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From Oliver Wulff <owu...@talend.com>
Subject RE: REST security enhancements
Date Mon, 24 Feb 2014 20:41:43 GMT
Hi Sergey

Looks fine for me as well.

Thanks
Oli


------

Oliver Wulff

Blog: http://owulff.blogspot.com
Solution Architect
http://coders.talend.com

Talend Application Integration Division http://www.talend.com

________________________________________
From: Andrei Shakirin [ashakirin@talend.com]
Sent: 24 February 2014 17:54
To: dev@cxf.apache.org
Cc: Sergey Beryozkin
Subject: RE: REST security enhancements

Hi Sergei,

Yes, I think that is useful and pragmatic substitution for ws-policy.
If user like to limit the service for some authentication schemes only, it is possible to
configure corresponded authenticationHandlers (for example Bearer, SAML, Basic or Digest).
Basically very similar mechanism as ws-policy based PolicyInterceptorProvider in jax-ws.
+1 from my side.

Regards,
Andrei.


> -----Original Message-----
> From: Sergey Beryozkin [mailto:sberyozkin@gmail.com]
> Sent: Freitag, 21. Februar 2014 13:40
> To: dev@cxf.apache.org
> Subject: Re: REST security enhancements
>
> Hi
>
> How about this for a start:
>
> http://git-wip-
> us.apache.org/repos/asf/cxf/blob/55a4b7bf/core/src/main/java/org/apache/cx
> f/interceptor/security/DelegatingAuthenticationInterceptor.java
>
> ?
>
> all this interceptor does is it delegates to the authentication scheme specific
> handler
>
> Thanks, Sergey
>
>
> On 19/02/14 12:29, Oliver Wulff wrote:
> > Hi Sergey, Andrei
> >
> >>>>
> > However from my perspective it could be interesting to change
> > "requirements" and "capabilities" for JAXRS endpoint dynamically. That
> > means that all relevant interceptors are prepared and configured, but
> > decision which from them should go into chain for the current message
> > is made dynamically (based on policy language, configuration, etc )
> >>>>
> >
> > I agree that a REST service provider can configure the interceptors with all
> required configurations like keystores etc. Then I see two options:
> > 1) All security interceptors are in the chain which means they don't fail in
> case of one security interceptor fails and a final interceptor will enforce
> security or not based on some configuration.
> > 2) A single interceptor which dynamically check which interceptor is able to
> handle the current request (canHandleToken/canHandleRequest or
> policyexpression). This requires an interface for the security interceptor to
> know which interceptor can handle a request or which security standard is
> supported by an interceptor.
> >
> > IMHO, I'd prefer option 2 as exception handling is a bit more tricky in option
> 1 and the purpose of the interceptor is clear.
> >
> > Thanks
> > Oli
> >
> >
> > ________________________________________
> > From: Andrei Shakirin [ashakirin@talend.com]
> > Sent: 09 February 2014 18:19
> > To: dev@cxf.apache.org
> > Subject: RE: REST security enhancements
> >
> > Hi Sergei,
> >
> >> -----Original Message-----
> >> From: Sergey Beryozkin [mailto:sberyozkin@gmail.com]
> >> Sent: Donnerstag, 6. Februar 2014 16:55
> >> To: dev@cxf.apache.org
> >> Subject: Re: REST security enhancements
> >>
> >> Hi Oli
> >> On 06/02/14 14:38, Oliver Wulff wrote:
> >>> Hi Sergey
> >>>
> >>> I understand what you mean effort wise  but I would also like some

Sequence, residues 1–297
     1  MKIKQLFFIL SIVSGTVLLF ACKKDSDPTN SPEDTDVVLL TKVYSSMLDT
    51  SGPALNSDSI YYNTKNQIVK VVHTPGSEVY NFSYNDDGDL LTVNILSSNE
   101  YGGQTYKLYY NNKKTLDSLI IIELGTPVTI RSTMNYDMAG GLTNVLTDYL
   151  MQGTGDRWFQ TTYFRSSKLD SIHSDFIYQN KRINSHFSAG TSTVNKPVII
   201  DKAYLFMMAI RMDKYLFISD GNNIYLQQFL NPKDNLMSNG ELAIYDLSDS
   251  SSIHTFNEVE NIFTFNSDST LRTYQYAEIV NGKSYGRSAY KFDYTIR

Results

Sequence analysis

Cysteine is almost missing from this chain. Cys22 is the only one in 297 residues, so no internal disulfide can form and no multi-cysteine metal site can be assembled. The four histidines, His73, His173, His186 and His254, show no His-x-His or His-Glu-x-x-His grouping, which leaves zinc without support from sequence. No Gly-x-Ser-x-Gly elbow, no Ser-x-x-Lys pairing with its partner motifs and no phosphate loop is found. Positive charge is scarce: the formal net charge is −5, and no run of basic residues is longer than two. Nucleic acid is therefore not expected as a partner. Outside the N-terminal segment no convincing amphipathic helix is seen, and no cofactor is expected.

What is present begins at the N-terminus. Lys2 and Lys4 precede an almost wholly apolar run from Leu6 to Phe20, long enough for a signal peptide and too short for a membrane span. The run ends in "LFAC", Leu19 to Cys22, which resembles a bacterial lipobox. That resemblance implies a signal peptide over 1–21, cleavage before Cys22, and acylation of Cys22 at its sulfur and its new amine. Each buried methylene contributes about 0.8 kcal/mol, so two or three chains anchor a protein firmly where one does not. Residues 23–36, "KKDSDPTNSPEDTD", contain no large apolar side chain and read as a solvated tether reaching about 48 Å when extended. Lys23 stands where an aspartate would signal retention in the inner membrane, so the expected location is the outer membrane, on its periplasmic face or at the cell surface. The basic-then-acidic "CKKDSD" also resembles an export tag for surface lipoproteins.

> >>> sort of
> >> features Andrei is asking for. To rewrite or invent a new policy
> >> language is a big step. Maybe we can find something in between like:
> >>>
> >>> Some sort of SecurityInterceptor interface where the implementation
> >>> tells
> >> what kind of credential it is able to handle (similar to the STS
> >> TokenProvider/Validator, etc.) and the DelegationInterceptor
> >> interates through the list to find the interceptor who is capable in
> >> handling the incoming credentials.
> >>>
> >>> Otherwise, it's quite static and not extendible by having something like:
> >>> if (isBasic()) {
> >>> else if (isOAuth()) {
> >>> else if (isSamlP()) {
> >>> else if (isWSFed()) {
> >>> ....
> >>>
> >>> WDYT?
> >>
> >> The interceptors enforcing multiple authentication mechanisms will
> >> come from different modules, and we also have Kerberos, and custom
> >> authorization schemes (example with all sort of OAuth2 tokens);
> >> creating a catch-all security interceptor is possible in principle
> >> but having such an interceptor shipped is not very realistic IMHO.
> >>
> >> By the way, what I meant about the effort: if it can give the real
> >> benefit then it is not a problem spending time implementing it. The
> >> effort I was referring to is about doing a basic interceptor manually
> >> vs configuring some catch-all interceptor and at the moment it is not
> >> obvious to me where this vs. stands in the RS case.
> >>
> >> Are you interested in the automating the way the security
> >> configuration is done, or would like to have a Java-First endpoint
> >> with some basic policy expression which will give a hint to the runtime what
> needs to be done ?
> >>
> >> The latter option might work in principle - we may have different
> >> JAX-RS modules contributing security interceptors check for the
> >> conditions and either ignore or enforce the security as needed.
> >>
> >> This might be worth considering
> >
> > Well, the completely automated configuration IMO is quite difficult to
> > achieve, because normally it is necessary to configure parameters
> > specific for security schema as well (keystores, aliases, callbacks,
> > etc) However from my perspective it could be interesting to change
> > "requirements" and "capabilities" for JAXRS endpoint dynamically. That